One man who learned to experience the peace of God was Henry Wadsworth Longfellow. For the famous American poet and author, life was well. After the death of his first wife, he met Francis Appleton. He courted her for seven years! She finally said yes! Longfellow experienced fame and success. He earned an excellent income from his literary works.
Fanny and Henry had six children and lived comfortably. When President Lincoln was elected, Longfellow and his wife were elated over the election of Abraham Lincoln which he thought would bring peace and freedom to the nation.
The following year, Civil War began. On July 9, 1861, in the early days of the war, Fanny was sealing locks of her daughter's hair using hot wax. Henry was asleep in the next room. Suddenly, he awoke to Fanny's screams. He rushed into the room to find Fanny engulfed in flames. Longfellow covered the flames with a rug that was too small, burning his own hands and face. Fannie died about 12 hours later. Henry was too badly injured to attend her funeral.
His face so badly burned that he could no longer shave. His heavy white beard becoming a trademark of his persona.
His diaries tell the story of his life:
Christmas Day, 1861: "How inexpressibly sad are the holidays"
Christmas Day, 1862: A merry Christmas say the children, but that is no more for me"
in 1863 his son ran away to join the Union Army. He returned in December badly injured. There is no journal entry for 1863.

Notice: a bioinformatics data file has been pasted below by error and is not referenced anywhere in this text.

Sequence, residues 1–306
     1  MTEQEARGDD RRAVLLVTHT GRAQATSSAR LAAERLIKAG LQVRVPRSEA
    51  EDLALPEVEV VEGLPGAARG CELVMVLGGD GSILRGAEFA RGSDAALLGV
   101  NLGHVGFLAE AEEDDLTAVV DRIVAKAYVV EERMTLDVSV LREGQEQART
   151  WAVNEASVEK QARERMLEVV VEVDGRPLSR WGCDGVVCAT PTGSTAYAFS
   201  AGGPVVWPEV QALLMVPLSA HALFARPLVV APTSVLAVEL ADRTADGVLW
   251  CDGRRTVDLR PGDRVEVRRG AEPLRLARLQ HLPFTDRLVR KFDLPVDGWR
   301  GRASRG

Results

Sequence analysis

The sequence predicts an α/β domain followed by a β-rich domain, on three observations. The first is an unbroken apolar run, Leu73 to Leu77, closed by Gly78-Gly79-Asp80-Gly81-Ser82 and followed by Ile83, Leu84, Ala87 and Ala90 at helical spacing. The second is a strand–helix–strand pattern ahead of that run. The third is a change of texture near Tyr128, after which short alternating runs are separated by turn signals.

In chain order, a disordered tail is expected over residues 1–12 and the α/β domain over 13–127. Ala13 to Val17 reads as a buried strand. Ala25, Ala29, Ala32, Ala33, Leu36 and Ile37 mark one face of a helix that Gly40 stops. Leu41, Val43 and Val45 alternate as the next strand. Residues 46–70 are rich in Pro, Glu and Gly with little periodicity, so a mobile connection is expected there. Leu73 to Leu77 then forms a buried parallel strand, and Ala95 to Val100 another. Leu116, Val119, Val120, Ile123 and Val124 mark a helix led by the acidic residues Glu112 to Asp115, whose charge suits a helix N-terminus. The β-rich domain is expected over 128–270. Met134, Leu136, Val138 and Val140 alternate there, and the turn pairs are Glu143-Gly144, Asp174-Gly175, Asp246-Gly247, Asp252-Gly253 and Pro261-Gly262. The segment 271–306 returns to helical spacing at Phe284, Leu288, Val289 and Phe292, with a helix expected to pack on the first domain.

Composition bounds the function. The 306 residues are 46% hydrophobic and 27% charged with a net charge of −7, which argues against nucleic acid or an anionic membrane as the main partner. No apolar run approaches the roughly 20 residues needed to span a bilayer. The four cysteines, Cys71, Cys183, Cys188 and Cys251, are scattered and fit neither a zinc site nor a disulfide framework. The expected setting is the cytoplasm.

But on Christmas Day, 1864, Longfellow sat down to try to capture, if possible, the joy of the season. He began a poem...
I heard the bells on Christmas Day, their old familiar carols play,
And wild and sweet, the words repeat, of peace on earth, good will to men.
As he came to the third stanza, he reflected on his world. War. Gettysburg. His son. So many young men had died....
And in despair I bowed my head
"There is no peace on earth," I said,
"For hate is strong and mocks the song
Of peace on earth, good will to men."
But until Jesus comes again and enforces His rule, peace is something that comes to us one heart at a time.
Longfellow continued his poem...
Then pealed the bells more loud and deep:
"God is not dead, nor doth He sleep;
The wrong shall fail, the right prevail
With peace on earth, good will to men."
Till ringing, singing on its way
The world revolved from night to day,
A voice, a chime, a chant sublime
Of peace on earth, good will to men.
In invite you today to discover Peace with God, and to believe that the sufferings of Jesus on the Cross were necessary to settle your estrangement from God. Believe in Him today and discover his peace!
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